This book examines British and American women's narratives of cosmetic surgery, exploring what those narratives say about the contemporary status of cosmetic surgery and 'local' ideas about its legitimate and illegitimate uses.
|Publisher:||Palgrave Macmillan UK|
|Product dimensions:||8.50(w) x 5.60(h) x 0.80(d)|
About the Author
DEBRA GIMLIN is Senior Lecturer in Sociology at the University of Aberdeen, UK. She is the author of Body Work: Beauty and Self-Image in American Culture and co-editor (with David Inglis) of Globalization and Food.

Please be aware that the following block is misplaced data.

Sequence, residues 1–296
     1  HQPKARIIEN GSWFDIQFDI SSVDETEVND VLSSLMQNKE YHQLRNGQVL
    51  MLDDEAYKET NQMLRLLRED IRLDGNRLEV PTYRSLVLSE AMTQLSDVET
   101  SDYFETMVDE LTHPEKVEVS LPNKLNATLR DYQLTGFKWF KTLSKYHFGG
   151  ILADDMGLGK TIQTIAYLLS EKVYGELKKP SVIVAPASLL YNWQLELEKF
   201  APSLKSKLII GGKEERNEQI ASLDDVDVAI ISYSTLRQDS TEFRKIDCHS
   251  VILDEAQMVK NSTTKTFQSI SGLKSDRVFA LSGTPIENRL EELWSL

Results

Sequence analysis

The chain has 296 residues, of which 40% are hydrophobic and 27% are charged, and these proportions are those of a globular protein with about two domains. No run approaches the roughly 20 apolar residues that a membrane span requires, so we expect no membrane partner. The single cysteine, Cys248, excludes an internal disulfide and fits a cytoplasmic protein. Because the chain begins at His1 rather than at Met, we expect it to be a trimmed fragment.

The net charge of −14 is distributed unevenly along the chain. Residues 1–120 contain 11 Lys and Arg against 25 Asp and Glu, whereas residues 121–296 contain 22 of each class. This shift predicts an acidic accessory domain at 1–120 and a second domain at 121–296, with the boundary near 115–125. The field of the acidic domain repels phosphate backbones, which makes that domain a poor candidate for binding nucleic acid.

Table of Contents
Introduction Cosmetic Surgery in Two Healthcare Contexts Accounts of Embodiment and their Cultural Repertoires Evaluating Cosmetic Surgery in Britain and the US The Symbolic Boundaries of Surgical 'Otherness' US Repertoires in a Changing Surgical Landscape Conclusions Bibliography Index